|Died||18 October 2003 (aged 81)|
|Education||University of California, Berkeley|
University of Illinois at Urbana-Champaign
|Occupation||Public servant, academic|
William Robert Orban (21 April 1922 – 18 October 2003) was a Canadian public servant and academic. He was a "pioneer" in the field of physical fitness, best known for creating the 5BX and XBX programmes in the late 1950s.
Orban was born on 21 April 1922 in Regina, Saskatchewan. His parents were immigrants from Hungary. Orban played many sports at the Jesuit high school he attended. In 1941 he was offered a hockey scholarship to attend the University of California, Berkeley, where he initially studied engineering. Orban attended the School of Physical Education at McGill University and graduated in 1949. In 1953, he went on to study a Ph.D. at the University of Illinois.
Orban accepted a job offered by Wing Commander John Tett and returned to Canada in 1956, despite offers of employment from several American universities. He took a position at the Department of National Defence and was tasked to develop a fitness programme for Royal Canadian Air Force pilots, a third of whom were not considered fit to fly.
In response to this brief he created the 5BX (5 Basic Exercises) plan for men and the XBX (10 Basic Exercise) plan for women. The plans were innovative in two respects. Firstly, they did not require access to specialised equipment. Many Air Force pilots were located in remote bases in northern Canada, with no access to these facilities, so it was important to offer a means of keeping fit without their use. Secondly, the plans only required 11 minutes (for men) or 12 minutes (for women) per day to be spent on the exercises. While studying the effect of exercise at the University of Illinois in the 1950s, Orban noticed when testing oxygen intake that long periods of exercise did not necessarily lead to significant improvement. This led him to the conclusion that the intensity of exercise was more important, than the amount of time spent on it. This aspect of the plan drew a negative reaction from others in the field but the 5BX programme proved its worth. 23 million copies of the booklets were sold, being translated into 13 languages. The popularity of the programs in many countries around the world helped to launch modern fitness culture. Orban, as a public servant, received no additional income from the success of the plan.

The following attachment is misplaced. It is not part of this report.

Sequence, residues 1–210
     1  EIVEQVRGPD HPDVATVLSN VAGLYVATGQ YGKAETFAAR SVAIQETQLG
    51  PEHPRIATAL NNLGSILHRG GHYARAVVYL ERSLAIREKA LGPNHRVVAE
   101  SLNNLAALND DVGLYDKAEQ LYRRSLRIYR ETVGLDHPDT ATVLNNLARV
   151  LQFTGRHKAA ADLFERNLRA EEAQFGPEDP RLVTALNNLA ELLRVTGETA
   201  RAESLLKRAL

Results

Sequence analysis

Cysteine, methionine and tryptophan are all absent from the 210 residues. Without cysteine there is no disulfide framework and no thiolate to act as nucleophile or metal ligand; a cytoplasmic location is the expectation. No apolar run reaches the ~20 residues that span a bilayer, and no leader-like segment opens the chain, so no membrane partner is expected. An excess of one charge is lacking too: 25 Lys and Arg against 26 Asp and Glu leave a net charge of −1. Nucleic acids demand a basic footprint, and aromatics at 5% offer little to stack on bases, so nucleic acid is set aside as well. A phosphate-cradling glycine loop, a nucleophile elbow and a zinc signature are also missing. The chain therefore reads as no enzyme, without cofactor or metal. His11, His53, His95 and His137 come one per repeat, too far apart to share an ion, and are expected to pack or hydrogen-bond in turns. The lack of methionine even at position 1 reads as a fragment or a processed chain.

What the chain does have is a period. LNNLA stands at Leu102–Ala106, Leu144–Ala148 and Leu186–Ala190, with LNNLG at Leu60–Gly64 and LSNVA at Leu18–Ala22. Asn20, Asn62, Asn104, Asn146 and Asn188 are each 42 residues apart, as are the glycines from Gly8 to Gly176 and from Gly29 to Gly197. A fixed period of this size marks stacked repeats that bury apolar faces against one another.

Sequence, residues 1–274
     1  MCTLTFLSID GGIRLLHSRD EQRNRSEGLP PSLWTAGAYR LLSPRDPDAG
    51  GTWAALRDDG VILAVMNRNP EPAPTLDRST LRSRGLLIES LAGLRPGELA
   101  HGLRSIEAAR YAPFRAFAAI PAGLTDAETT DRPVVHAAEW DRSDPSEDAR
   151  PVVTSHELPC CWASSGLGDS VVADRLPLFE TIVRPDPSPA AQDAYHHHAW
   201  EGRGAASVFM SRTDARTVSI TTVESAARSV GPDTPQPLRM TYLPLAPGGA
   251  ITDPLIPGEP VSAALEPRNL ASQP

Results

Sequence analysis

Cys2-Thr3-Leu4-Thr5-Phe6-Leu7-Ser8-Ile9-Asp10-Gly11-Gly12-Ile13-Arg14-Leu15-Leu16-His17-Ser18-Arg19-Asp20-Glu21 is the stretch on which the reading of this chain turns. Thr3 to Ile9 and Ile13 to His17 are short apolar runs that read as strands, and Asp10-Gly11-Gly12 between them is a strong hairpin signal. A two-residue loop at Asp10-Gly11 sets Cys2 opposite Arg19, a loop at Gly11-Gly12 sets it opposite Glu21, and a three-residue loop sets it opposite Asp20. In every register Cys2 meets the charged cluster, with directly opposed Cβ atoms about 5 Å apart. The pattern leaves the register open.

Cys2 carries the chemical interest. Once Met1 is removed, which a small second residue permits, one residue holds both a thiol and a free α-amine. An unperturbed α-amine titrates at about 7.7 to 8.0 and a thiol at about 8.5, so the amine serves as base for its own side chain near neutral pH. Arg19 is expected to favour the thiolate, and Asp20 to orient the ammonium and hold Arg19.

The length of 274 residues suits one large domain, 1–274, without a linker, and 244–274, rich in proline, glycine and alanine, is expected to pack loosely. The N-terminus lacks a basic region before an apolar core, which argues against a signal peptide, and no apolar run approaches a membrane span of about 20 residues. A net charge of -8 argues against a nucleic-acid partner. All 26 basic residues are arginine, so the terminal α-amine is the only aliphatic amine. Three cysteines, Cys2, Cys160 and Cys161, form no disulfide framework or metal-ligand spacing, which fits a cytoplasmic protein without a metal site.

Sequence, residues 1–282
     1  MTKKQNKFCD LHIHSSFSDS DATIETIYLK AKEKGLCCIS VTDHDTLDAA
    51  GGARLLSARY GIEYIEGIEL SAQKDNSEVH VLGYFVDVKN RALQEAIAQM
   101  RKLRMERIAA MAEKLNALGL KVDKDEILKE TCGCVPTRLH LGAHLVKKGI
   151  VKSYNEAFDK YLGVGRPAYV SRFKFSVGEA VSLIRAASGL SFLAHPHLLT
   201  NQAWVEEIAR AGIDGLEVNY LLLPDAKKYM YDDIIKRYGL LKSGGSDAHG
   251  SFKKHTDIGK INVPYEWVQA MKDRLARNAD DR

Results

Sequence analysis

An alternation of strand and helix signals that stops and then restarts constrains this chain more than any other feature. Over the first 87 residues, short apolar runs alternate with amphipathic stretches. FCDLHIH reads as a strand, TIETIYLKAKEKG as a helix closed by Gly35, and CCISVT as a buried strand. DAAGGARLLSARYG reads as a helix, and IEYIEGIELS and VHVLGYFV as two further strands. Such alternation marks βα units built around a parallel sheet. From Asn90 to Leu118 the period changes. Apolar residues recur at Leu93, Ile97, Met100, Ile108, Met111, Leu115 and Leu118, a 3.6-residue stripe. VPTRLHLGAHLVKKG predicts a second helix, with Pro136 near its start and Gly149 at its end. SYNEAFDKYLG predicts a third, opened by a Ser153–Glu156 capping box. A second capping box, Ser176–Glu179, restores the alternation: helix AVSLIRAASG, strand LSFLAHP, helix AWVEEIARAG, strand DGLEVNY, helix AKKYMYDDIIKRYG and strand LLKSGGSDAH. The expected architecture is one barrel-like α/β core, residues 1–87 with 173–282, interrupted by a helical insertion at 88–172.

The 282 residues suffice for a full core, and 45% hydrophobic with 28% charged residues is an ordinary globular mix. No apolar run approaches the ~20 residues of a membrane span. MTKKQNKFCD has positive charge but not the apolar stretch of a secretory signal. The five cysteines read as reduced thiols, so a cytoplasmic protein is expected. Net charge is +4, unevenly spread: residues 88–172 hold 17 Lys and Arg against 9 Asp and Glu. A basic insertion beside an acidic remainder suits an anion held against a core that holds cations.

In 1958, the University of Saskatchewan employed Orban to take the position of dean at its new Physical Education programme. While there he initiated the Saskatchewan Growth Study - a pioneering study of physical development in boys aged 7 to 17. In 1966, Orban returned to Ottawa to become a professor of the University of Ottawa's Human Kinetics department and became dean of that department in 1968, a position he occupied until 1976. He continued as a professor in Kinanthropology until his retirement in 1987.
After his retirement, Orban developed the Physical Energetics Systems of Equations (PESE). This would allow individuals to calculate exactly how fit they could potentially be and what level of exercise would allow them to achieve this. He hoped that it would allow training times for athletes to be cut and help people recovering from illnesses to become fitter.
Personal life and death
With his wife, nee Virginia Krasiun, Orban had three sons.
- Wagorn, Yvonne; Orban, Bill; Théberge, Sonia (1991). Healthy Happy Aging. Burnstown, Ontario: GSPH. ISBN 9780919431430. OCLC 23215185.
- Corbett, Ron (July 15, 2002). "Canada's fitness pioneer". The Ottawa Citizen. pp. D1, D4. Retrieved October 5, 2018 – via Newspapers.com.
- Cobb, Chris (October 19, 2003). "Bill Orban wrote the book (let) on fitness". Edmonton Journal. p. 2. Retrieved October 5, 2018 – via Newspapers.com.
- An interview with Bill Orban, Ottawa Citizen Monday, July 15, 2002
- "An 11-minute workout programme". Financial Times. 2009-07-18. Retrieved 2018-10-08.
- "BACK TO BASIC". Washington Post. 1998-03-31. ISSN 0190-8286. Retrieved 2018-10-07.
- KRUCOFF, CAROL (1998-06-22). "Going Back to the Basics With Calisthenics". Los Angeles Times. ISSN 0458-3035. Retrieved 2018-10-08.
- "Five basic exercises for fitness in 1961". CBC Archives. Retrieved 2018-10-08.
- Obituary Archived February 16, 2007, at the Wayback Machine, Ottawa Citizen Sunday, 19 October 2003.